Dec 15, 2019

Will Hurd: You can vote against impeachment but disagree with Trump's behavior

Rep. Will Hurd (R-Texas) confirmed to CNN's Jake Tapper on Sunday that he plans to vote against articles of impeachment, but argued that it's still possible to do so while disagreeing with President Trump's behavior.

The exchange:

TAPPER: "Are you not worried at all that your vote will essentially be seen as giving a green light for every president in the future to use their power to ask foreign leaders, pressure foreign leaders, to investigate political rivals?"
HURD: "No I don't believe that's the message that's being sent. You can vote against impeachment and still disagree with some of the policies or some of the behavior. As you said in the lead-up, this is such a monumental vote. Using this process of impeachment is one of the most serious things the House of Representatives can do. ... My fear is that you weaponize impeachment for political gains in the future."

Why it matters: Hurd, one of several Texas congressmen who will not seek re-election in 2020, has been a critic of Trump at times and was originally seen as a potential swing vote for impeachment. He signaled his "no" vote in November, claiming that impeachment hearings had not shown evidence that Trump "committed bribery or extortion."

  • Hurd argued that impeachment should be a bipartisan process and that at the moment the only thing that's bipartisan is the opposition — noting that at least two Democrats are set to vote against impeachment.

Go deeper: Hurd says Ukraine quid pro quo would be "violation of the law"

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Which Democrats voted against Trump's impeachment

Graphic: Danielle Alberti, Lazaro Gamio/Axios Visuals

Only two House Democrats crossed party lines to vote to oppose both articles of impeachment against President Trump on Wednesday. Both of them are feeling the pressure of representing swing districts Trump won in 2016.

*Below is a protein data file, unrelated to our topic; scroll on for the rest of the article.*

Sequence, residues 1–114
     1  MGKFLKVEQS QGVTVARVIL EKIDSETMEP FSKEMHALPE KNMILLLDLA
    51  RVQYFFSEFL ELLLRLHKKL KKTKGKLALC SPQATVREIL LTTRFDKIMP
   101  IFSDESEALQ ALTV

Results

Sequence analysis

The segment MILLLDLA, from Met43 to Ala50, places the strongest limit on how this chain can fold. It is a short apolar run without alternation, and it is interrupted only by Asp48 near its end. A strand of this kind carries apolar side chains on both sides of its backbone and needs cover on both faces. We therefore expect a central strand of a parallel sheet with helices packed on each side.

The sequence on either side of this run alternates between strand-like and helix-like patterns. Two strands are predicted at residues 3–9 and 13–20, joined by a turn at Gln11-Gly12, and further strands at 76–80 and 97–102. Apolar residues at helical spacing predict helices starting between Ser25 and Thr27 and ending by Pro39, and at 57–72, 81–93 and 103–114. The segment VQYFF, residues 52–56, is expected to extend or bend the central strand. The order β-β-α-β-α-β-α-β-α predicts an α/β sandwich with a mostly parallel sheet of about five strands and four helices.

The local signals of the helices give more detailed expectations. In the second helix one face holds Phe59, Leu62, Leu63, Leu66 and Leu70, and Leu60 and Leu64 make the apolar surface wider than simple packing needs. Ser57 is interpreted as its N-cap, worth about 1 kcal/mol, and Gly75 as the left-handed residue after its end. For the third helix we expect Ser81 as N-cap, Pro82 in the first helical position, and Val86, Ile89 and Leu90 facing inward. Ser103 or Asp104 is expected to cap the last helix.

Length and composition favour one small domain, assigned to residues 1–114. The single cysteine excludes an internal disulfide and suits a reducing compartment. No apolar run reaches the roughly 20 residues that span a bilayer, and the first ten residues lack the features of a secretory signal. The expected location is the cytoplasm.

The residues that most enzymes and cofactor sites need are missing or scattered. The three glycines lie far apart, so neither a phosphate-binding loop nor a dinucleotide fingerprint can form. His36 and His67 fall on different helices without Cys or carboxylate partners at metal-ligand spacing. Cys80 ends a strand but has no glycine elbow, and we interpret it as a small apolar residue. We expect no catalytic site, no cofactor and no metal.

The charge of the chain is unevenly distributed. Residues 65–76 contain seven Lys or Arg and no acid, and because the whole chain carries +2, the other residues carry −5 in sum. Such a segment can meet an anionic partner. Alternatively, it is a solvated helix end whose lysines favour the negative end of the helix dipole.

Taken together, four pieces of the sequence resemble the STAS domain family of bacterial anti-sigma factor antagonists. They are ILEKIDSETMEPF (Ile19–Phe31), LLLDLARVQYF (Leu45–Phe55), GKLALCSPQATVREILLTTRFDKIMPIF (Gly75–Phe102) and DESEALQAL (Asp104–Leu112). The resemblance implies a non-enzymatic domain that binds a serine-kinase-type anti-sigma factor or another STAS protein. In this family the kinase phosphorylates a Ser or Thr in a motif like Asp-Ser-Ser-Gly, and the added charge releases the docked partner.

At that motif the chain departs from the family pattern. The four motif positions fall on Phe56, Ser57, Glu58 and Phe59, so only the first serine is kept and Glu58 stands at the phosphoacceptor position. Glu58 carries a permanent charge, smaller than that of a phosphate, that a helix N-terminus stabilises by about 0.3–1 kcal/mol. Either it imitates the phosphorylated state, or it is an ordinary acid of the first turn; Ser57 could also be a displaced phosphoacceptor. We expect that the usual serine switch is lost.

Why it matters: Dissent was low as dozens of other Democrats who represent districts that Trump won sided with impeachment, either voting their conscience or calculating it could be even politically riskier to vote no.

Go deeperArrowDec 19, 2019

Sen. Roy Blunt: Impeachment trial is "not a trial in any classic sense"

Sen. Roy Blunt (R-Mo.) told CNN's "State of the Union" Sunday that the upcoming Senate impeachment trial is "not a trial in any classic sense," noting that there are senators running for the Democratic presidential nomination and that every member has "obvious" political considerations.

Go deeperArrowDec 22, 2019

Capitol Hill digs in as Trump's impeachment looms

Photo Illustration: Eniola Odetunde/Axios. Photo: Noam Galai/Getty Images

Ahead of today's historic House vote to impeach Donald John Trump, he dispatched a seething six-page letter to Speaker Nancy Pelosi contending that a Democratic "partisan attempted coup" had treated him worse than "those accused in the Salem Witch Trials." She told reporters at the Capitol that the letter was "really sick."

Why it matters: The bitter exchange is a fitting denouement for the 86-day impeachment inquiry, which changed few minds in the country — and none at the Capitol.

Go deeperArrowDec 18, 2019